Eligible patients demonstrated radiographic signs of end-stage osteoarthritis with Ranawat’s type 1 or 2 deformity (pre-op anatomical valgus angulation of up to 20°) on standing radiographs. Integrity of the medial capsular-ligament complex was also confirmed (<10mm of opening on valgus stress test at 10° of knee flexion).1 Historically, this type of limb deformity has represented a technical challenge because of the attenuation of the medial capsular ligament complex and lateral soft-tissue contracture, and has often been treated using more constrained implants.
The surgical technique prioritised establishing a well-balanced extension gap over reproducing a neutral mechanical axis, and so the authors accepted slight post-operative valgus of <5°. Releases of the posterior-lateral soft-tissue envelope were also made as required to balance the extension gap. The most common of which was a posterior-capsular release, which was made in 72% of the TKAs.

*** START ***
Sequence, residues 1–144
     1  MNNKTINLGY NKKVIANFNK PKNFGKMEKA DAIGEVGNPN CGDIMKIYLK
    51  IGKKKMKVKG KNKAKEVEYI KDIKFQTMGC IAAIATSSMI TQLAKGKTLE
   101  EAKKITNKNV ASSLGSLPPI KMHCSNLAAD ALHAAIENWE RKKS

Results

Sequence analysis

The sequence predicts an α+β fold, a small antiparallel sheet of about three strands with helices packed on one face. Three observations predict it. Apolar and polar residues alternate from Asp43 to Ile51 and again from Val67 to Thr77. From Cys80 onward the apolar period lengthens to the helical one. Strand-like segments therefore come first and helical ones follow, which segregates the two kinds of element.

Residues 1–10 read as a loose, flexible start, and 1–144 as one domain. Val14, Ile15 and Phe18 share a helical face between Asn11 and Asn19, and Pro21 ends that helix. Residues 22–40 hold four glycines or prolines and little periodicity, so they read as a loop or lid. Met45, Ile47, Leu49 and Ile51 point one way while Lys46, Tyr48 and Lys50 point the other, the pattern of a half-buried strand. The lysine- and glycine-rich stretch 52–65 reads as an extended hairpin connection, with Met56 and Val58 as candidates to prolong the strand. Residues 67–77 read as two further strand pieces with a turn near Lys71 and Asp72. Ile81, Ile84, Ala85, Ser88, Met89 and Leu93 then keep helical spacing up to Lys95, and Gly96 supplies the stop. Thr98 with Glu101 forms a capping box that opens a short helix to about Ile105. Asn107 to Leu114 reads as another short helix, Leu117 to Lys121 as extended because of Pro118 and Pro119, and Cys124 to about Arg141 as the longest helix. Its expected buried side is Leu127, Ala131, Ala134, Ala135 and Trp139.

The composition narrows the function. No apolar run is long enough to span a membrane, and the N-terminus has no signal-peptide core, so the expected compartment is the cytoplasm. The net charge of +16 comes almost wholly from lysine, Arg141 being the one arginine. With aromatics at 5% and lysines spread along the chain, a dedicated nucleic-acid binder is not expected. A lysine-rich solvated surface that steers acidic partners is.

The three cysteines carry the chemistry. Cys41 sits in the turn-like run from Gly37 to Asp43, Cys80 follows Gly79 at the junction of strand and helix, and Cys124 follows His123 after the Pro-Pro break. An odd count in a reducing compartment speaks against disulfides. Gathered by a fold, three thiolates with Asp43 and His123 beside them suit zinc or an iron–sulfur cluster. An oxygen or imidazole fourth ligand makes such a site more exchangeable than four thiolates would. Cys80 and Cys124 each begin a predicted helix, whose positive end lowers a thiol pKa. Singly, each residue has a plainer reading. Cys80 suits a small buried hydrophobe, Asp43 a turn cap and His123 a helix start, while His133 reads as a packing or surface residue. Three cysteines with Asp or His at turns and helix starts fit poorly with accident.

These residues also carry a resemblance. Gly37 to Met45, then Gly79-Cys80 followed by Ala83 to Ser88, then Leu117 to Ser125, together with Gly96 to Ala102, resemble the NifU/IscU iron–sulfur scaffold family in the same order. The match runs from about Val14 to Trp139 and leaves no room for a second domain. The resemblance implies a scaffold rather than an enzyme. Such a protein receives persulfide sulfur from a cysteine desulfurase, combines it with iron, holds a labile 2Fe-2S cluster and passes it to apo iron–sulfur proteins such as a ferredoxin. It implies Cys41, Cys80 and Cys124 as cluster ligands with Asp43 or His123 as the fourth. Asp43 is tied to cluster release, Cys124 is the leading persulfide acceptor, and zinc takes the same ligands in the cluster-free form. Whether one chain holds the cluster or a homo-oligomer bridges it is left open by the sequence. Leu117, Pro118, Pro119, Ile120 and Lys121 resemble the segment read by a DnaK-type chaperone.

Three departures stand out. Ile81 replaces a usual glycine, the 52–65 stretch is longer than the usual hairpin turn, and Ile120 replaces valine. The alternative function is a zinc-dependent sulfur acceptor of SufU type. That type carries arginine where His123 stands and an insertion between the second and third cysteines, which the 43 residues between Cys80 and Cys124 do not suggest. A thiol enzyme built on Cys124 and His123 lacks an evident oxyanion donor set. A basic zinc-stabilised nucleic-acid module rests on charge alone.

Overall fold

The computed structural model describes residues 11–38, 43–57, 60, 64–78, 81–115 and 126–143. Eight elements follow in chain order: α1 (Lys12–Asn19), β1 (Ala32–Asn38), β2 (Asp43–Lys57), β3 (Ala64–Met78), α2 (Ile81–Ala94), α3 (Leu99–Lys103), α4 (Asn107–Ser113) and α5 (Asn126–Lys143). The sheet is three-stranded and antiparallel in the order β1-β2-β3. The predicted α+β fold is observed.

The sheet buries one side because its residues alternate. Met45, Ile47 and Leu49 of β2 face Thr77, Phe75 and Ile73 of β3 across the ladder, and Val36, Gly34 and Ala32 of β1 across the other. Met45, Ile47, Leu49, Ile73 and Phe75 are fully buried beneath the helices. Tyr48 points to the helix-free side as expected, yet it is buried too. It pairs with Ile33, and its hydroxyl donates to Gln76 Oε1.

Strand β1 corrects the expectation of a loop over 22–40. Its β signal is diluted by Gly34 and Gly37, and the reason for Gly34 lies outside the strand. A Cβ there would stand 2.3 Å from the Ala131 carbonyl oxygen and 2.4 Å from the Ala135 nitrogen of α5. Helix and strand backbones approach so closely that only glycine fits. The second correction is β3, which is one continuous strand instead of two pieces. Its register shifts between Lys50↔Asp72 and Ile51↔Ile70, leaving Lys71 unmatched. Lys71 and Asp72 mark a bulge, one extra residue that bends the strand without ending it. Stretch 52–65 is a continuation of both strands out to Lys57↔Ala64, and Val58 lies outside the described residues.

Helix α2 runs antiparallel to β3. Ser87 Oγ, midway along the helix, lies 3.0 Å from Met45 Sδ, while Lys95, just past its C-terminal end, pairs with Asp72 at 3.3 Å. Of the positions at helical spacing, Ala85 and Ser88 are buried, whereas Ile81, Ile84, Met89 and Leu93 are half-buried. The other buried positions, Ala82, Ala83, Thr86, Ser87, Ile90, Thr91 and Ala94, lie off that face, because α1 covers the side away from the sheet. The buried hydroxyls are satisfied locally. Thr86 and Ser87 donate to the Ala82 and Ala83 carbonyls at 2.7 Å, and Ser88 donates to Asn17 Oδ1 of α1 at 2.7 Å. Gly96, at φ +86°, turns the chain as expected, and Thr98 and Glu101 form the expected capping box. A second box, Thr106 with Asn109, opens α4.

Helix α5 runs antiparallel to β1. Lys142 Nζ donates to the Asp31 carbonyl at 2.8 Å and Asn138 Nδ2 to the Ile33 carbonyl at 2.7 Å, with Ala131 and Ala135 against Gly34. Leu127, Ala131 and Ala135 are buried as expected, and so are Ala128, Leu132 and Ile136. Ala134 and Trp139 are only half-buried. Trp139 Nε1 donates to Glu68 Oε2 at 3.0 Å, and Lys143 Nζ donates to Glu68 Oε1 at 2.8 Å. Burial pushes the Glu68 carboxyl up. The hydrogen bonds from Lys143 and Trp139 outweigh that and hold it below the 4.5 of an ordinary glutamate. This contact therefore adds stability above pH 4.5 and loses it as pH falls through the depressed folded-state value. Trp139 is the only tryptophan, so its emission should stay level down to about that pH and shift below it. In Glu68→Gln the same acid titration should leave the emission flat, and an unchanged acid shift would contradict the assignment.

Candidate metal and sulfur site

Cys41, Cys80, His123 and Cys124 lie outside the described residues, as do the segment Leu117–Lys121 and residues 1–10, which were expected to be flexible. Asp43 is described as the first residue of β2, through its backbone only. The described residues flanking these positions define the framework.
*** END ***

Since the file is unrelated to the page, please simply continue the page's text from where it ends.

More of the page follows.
All patients were reviewed pre-operatively, and 6 weeks, 3, 12, and 24 months after surgery. The measures taken at these time points were the Knee Society Score (KSS), Forgotten Joint Score (FJS) and Satisfaction and Quality of Life Score. Standard weight-bearing antero-posterior and lateral radiographs, and a standard sunrise view were taken at the same time-points.
At two years minimum follow-up the clinical KSS was 89 ± 6 (range 65-100) and the functional KSS was 82 ± 8 (range 55-100). Overall, 99% of patients had good or excellent KSS scores. The FJS was 72 ± 6 (range 49-88). There were no reports of symptomatic post-operative instability, even in patients with residual valgus alignment of between 6° and 10°, and survivorship free of component revision was 100% at 24 months.
The authors attributed these findings to the high conformity of the MC polyethylene bearing, which differs significantly to both the classical cruciate retaining and posterior stabilized bearing designs.